+61 3 9108 7215 info@ewb.org.au
Select Page

Caption: Youth Outreach volunteers convene at the Futur-neers Forum in Melbourne (April 2022).

A year of targeted investment in EWB’s volunteer-driven Youth Outreach program placed a strong focus on impact evaluation and shaping the “next era” of outreach at EWB.

The Futur-neers project focused on amplifying EWB’s engineering workshops for young people and the passionate volunteer community connected with this work. The project aims were twofold: to positively impact female school students participating in the workshops, as well as the female volunteers coordinating and delivering the program. Data from this project evidences those aims – that EWB Outreach is meaningfully engaging school students with engineering as a possible career path, as well as generating inspiration in the volunteers who deliver the workshops and motivating them to continue in the sector themselves. 

While the engineering sector continues to struggle with gender diversity, the Futur-neers project has reaffirmed the importance of EWB’s Youth Outreach program and created a strong foundation on which to grow outreach at EWB.

EWB Outreach: showcasing a powerful story

Students participating in a Youth Outreach session run by the Monash University Chapter in 2022.

EWB’s Youth Outreach workshop modules showcase the potential of creative and conscious engineering practice – engaging young people with the power of engineering to create positive impact and the possibilities contained in STEM careers. Workshops are designed so participants have fun (always important!), while being facilitated through leading practice enquiry-based learning delivered by a diverse EWB volunteer team.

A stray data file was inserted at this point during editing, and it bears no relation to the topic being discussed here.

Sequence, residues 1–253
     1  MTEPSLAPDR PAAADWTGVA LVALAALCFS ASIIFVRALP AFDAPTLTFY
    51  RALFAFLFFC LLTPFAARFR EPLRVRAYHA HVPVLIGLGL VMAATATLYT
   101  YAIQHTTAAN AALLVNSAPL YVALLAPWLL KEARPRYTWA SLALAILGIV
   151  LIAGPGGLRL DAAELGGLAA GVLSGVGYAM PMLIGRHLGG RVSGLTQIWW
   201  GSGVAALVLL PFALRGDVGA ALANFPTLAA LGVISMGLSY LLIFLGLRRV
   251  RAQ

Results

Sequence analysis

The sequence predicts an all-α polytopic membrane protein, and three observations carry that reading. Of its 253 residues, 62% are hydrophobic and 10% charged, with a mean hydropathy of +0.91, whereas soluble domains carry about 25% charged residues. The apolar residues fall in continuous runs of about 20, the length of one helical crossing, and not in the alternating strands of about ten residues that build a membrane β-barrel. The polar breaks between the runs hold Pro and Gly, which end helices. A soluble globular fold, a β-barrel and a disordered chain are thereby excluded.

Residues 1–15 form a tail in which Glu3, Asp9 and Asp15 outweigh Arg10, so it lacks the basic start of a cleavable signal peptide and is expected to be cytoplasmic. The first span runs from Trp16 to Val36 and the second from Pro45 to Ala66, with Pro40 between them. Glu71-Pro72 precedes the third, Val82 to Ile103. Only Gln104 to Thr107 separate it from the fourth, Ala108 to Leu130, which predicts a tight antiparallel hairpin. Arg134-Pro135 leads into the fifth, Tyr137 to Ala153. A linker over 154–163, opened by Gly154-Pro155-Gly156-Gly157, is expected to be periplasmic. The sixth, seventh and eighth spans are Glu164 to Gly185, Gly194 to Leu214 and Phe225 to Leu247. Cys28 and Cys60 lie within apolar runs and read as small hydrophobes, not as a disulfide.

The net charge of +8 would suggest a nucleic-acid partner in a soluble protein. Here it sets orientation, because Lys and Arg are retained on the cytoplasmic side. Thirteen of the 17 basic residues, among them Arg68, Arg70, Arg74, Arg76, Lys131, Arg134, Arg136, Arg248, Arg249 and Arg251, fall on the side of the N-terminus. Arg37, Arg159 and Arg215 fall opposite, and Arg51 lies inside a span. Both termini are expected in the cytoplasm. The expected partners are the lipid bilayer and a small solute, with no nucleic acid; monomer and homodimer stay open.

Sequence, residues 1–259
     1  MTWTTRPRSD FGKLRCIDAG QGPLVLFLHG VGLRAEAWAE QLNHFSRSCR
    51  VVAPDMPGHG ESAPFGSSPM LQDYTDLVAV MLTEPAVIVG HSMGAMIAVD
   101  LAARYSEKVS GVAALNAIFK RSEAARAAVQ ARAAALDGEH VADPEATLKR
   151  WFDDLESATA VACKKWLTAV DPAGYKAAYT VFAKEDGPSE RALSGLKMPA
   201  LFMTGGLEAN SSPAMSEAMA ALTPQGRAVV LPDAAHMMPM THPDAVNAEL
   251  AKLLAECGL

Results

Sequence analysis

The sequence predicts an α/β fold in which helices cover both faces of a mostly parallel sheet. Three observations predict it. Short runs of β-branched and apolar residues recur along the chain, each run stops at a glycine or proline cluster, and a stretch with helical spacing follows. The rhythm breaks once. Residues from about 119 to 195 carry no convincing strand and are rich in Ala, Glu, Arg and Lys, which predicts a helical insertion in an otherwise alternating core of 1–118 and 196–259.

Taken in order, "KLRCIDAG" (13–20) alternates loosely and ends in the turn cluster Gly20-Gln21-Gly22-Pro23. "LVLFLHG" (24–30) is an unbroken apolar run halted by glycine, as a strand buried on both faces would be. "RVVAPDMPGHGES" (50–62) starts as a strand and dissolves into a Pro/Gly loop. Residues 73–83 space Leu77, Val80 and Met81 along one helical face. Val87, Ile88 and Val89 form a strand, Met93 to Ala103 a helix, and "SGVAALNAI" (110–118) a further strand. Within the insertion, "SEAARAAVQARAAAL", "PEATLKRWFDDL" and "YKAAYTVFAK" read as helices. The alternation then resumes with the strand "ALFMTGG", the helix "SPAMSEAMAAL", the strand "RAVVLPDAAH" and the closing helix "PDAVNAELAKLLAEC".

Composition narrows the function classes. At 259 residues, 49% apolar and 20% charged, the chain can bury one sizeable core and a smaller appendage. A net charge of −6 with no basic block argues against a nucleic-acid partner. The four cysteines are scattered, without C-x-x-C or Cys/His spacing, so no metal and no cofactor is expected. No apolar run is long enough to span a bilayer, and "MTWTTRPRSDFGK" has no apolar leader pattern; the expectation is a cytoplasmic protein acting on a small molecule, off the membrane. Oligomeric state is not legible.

Over the year-long Futur-neers project, EWB Youth Outreach volunteers delivered approximately 260 workshops across the country, reaching at least 6,100 young people. Volunteer teams experienced differing levels of COVID-19 lockdowns during this time and put fantastic efforts into implementing COVIDSafe plans, delivering sessions online and keeping their facilitator teams “ready to deploy” during a challenging time.

Survey data analysis shows this was worth the effort. Pre- and post-workshop survey responses showed a statistically significant increase in both “awareness of engineering as a career” and “interest in engineering as a potential career path” among the school students involved. Qualitative feedback from teachers also supported the finding that student participants were more aware of and interested in engineering after being involved in the workshop sessions:

One teacher said, “Thank you so much for today’s program. The girls certainly did walk away having gained a great insight into the work of engineers. I heard a few state that they were glad they came as they had fun but also would be interested in finding out more about engineering as a possible pathway for them – they hadn’t even considered it earlier.”

Part of this positive impact can be attributed to the content and delivery mode, but another key ingredient is the workshop facilitators themselves – passionate engineering students and professionals who represent a wide variety of examples of “who can succeed as an engineer”. We’ve recognised this and are aiming to give these inspiring engineering students and professionals a larger platform, starting with our Futur-neers Role Models video series which has generated active engagement across our public channels.

Motivating and retaining women in engineering

Youth Outreach volunteer, Aimee Ryan, speaking at the Futur-neers Forum in Melbourne (April 2022).

We know the engineering sector is challenged both by the low numbers of young women choosing to study engineering, and by the need to support them to stay in the discipline and find satisfaction in an engineering career once they graduate.